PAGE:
Rolls-Royce’s strategy of feeding technological developments from new programs back to established engines for upgrades or retrofit changes is creating a range of enhanced-performance (EP) packages being available to customers.
The Middle East is sitting at the end of the air transport rainbow, if Airbus forecasts are to be believed: its share of global traffic will expand faster than that of any other geographical area, increasing by one half in the next 20 years.
Richard Aboulafia, vice president of analysis at the Teal Group of Fairfax, Virginia, wonders whether Emirates has bitten off more than it can chew with the A380. The lack of operating lessors is an indication of a weak-to-nonexistent secondary market. And Emirates’ insistence on low average fleet age–a year ago, its strategy officials were aiming for under six years–means that the airline could have to start offloading its earliest A380 components in the fleet as soon as next year.
Boeing will consider other locations to assemble its new 777X after its machinists union voted down a proposed contract extension that was described as critical to basing work on the new widebody in the Puget Sound region of Washington state.
Amac recently completed its second BBJ 777-300ER for a private customer in the Middle East. The work consisted of a full maintenance C-check and interior modifications such as a newly integrated master bedroom, master en suite and majlis (private seating area).
Washington state Gov. Jay Inslee said Boeing will assemble the new 777X widebody and build its carbon fiber composite wing in the Puget Sound region of his state, an economic windfall that depends on Boeing’s machinists’ union ratifying a new contract and the state Legislature approving an incentives package.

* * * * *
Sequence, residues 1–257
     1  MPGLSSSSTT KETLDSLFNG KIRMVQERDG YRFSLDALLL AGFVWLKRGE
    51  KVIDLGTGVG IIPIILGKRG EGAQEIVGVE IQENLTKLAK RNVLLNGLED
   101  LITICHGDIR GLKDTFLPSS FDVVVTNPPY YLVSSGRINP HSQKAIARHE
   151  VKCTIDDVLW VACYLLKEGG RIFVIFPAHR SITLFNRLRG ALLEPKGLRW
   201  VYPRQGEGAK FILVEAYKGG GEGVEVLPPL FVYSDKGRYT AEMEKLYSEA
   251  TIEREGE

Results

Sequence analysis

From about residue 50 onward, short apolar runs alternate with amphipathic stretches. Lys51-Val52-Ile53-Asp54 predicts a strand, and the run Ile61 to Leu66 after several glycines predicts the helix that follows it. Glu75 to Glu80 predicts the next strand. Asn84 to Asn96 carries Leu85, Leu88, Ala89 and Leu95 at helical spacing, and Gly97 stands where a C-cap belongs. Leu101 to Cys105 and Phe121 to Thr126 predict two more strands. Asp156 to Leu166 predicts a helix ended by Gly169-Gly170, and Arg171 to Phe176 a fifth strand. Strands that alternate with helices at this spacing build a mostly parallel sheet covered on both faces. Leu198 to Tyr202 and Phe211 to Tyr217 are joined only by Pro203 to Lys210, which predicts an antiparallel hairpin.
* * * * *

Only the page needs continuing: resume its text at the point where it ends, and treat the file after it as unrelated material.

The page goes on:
Airbus cited sleep-study results in calling on airlines to set an 18-inch minimum seat width standard for long-haul flights. Organizations representing the airline industry said seating options should be left to individual carriers.
Completion and maintenance provider Comlux America is expanding into the widebody VIP market. The company will be handling the Airbus ACJ330/340/380 and Boeing 767BBJ/777BBJ/747BBJ. Comlux has focused solely on narrowbody aircraft in the four years since it received the approval from both OEMs as an authorized completion facility. The MRO has already handed over several aircraft completions including an ACJ319, ACJ320, BBJ, BBJ3 and Boeing 757. An ACJ321 is currently in the works.
In what might seem a 180-degree heading change, Airbus confirmed the possibility of a second stretch of its A350XWB that could help fill a gap between the largely composite-bodied twinjet and the A380 superjumbo.
Amac Aerospace of Basel, Switzerland announced on the eve of NBAA 2013 the completion and delivery of an Airbus A319 for a Middle Eastern client. Performed over a nine-month period, all engineering and completion work was performed in house.
“Amac Aerospace continues to perform both narrow- and widebody projects, resulting in high-end work produced in-house, a proud accomplishment for our internal departments,” said Bernd Schramm, Amac Group COO.